Student Research: Kathryn VanDeMark

, Environmental Toxicology (Tox), 2009
Faculty Advisor: Lucio G. Costa

Ethanol Inhibits Muscarinic Receptor-simulated Neuronal Differentiation and Signaling in Pyramidal Hippocampal Neurons


Muscarinic receptors have been proposed to play an important role during brain development. This study investigated the effect of Muscarinic receptor activation on prenatal rat hippocampal pyramidal neuron differentiation and the signal transduction pathways involved in this effect. The cholinergic agonist carbachol increased the length of the axon, without affecting the length of minor neuritis. Carbachol-induced axonal growth was also observed in pyramidal neurons from the neocortex, but not in granule neurons from the cerebellum. The effect of carbachol was mediated by the M1 subtype of Muscarinic receptors. The Ca++ chelator BAPTA-AM, two PKC inhibitors (GF 109203X and Ro-32-0432), and the ERK1/2 inhibitors PD98059 and U0126 all blocked carbachol-induced axonal outgrowth. In addition, down-regulation of ERK1/2 with siRNA completely abolished the neuritogenic effect of carbachol. These data suggest an involvement of Ca++, PKC, and ERK1/2 in carbachol-induced axonal growth. Carbachol increased the release of Ca++ from intracellular stores and induced PKC and ERK1/2 activation. Additional experiments showed that PKC, but not Ca++, is involved in carbachol-induced ERK1/2 activation. Altogether, these results show that cholinergic stimulation of prenatal hippocampal pyramidal neurons accelerates axonal growth through the induction of Ca++ mobilization and the activation PKC and especially of ERK1/2.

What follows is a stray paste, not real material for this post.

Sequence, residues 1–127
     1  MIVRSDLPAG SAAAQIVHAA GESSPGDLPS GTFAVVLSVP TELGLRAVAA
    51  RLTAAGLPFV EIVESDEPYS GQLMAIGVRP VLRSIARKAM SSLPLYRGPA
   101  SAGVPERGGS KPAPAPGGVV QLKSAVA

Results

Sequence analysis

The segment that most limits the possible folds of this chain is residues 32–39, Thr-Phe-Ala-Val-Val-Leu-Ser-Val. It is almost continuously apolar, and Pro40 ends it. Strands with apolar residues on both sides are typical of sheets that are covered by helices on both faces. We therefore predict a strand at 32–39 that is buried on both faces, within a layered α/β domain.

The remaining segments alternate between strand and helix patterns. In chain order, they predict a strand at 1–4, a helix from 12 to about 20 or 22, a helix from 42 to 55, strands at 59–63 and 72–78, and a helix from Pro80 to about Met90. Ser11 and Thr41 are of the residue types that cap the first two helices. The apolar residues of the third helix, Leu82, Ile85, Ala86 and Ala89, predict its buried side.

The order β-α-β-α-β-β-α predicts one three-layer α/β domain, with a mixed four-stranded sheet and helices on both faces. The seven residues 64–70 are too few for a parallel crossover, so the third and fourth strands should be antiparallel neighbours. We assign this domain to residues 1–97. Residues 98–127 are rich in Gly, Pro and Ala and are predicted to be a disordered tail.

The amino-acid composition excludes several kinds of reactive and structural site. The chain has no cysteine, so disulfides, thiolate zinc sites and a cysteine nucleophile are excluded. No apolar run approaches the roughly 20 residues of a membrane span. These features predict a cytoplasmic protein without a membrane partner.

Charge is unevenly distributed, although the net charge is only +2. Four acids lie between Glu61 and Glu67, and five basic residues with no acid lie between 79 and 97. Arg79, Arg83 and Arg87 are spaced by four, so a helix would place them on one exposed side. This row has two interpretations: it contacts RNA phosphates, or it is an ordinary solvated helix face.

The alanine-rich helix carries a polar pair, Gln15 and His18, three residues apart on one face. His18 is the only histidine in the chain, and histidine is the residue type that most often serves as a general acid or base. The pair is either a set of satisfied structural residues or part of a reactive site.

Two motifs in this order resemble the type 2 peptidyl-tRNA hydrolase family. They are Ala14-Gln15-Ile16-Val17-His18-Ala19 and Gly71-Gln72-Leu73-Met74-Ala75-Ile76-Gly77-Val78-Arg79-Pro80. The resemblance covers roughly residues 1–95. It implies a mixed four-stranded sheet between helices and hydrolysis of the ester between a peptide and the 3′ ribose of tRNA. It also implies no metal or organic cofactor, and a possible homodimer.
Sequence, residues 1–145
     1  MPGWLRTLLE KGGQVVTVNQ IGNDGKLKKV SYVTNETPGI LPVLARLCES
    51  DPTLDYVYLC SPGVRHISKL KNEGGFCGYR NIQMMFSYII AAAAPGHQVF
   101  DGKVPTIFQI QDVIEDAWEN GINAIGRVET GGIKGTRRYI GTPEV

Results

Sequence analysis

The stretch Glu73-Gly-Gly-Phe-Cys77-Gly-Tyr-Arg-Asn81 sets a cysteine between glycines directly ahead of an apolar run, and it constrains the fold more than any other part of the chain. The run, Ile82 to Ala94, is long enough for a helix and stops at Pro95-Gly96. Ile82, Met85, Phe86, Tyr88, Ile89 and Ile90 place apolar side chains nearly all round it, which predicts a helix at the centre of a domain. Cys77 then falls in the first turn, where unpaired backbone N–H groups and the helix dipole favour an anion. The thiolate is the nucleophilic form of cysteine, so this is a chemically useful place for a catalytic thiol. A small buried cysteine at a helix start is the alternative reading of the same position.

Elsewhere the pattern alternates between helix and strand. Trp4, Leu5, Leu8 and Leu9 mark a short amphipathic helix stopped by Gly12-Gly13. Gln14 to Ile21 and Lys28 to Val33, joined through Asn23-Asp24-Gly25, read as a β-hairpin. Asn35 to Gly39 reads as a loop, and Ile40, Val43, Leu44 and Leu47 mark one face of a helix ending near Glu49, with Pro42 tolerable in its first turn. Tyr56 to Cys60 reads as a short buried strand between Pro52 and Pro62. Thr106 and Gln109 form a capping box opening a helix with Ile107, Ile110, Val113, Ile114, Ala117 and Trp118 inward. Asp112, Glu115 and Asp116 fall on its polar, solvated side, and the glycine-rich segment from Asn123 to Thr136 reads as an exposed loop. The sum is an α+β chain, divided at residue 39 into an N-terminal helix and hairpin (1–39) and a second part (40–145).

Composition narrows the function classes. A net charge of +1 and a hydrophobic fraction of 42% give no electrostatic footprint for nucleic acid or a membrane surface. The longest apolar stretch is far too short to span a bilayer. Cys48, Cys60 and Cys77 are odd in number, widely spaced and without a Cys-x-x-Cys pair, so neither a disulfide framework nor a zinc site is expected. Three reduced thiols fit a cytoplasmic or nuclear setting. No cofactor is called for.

In utero alcohol exposure can lead to fetal alcohol syndrome which is characterized by facial dysmorphology, growth deficiencies, and central nervous system abnormalities. In vivo and in vitro studies have shown that ethanol alters neuronal development. One mechanism through which  ethanol has been shown to exert its effects is the perturbation of activated signaling cascades. This study investigated the effect of ethanol on the differentiation of rat hippocampal pyramidal neurons induced by the cholinergic agonist carbachol as a possible mechanism involved in the developmental neurotoxicity of ethanol. Ethanol treatment (20-75 mM) caused an inhibition of carbachol-induced axonal growth, without affecting neuronal viability. Ethanol treatment did not inhibit the carbachol-stimulated rise in intracellular calcium, while inhibiting PKC activity at the highest tested concentration and ERK1/2 phosphorylation at both concentrations used in this study. In conclusion, we have shown that ethanol inhibits carbachol-induced neurite outgrowth by inhibiting PKC and ERK1/2 activation.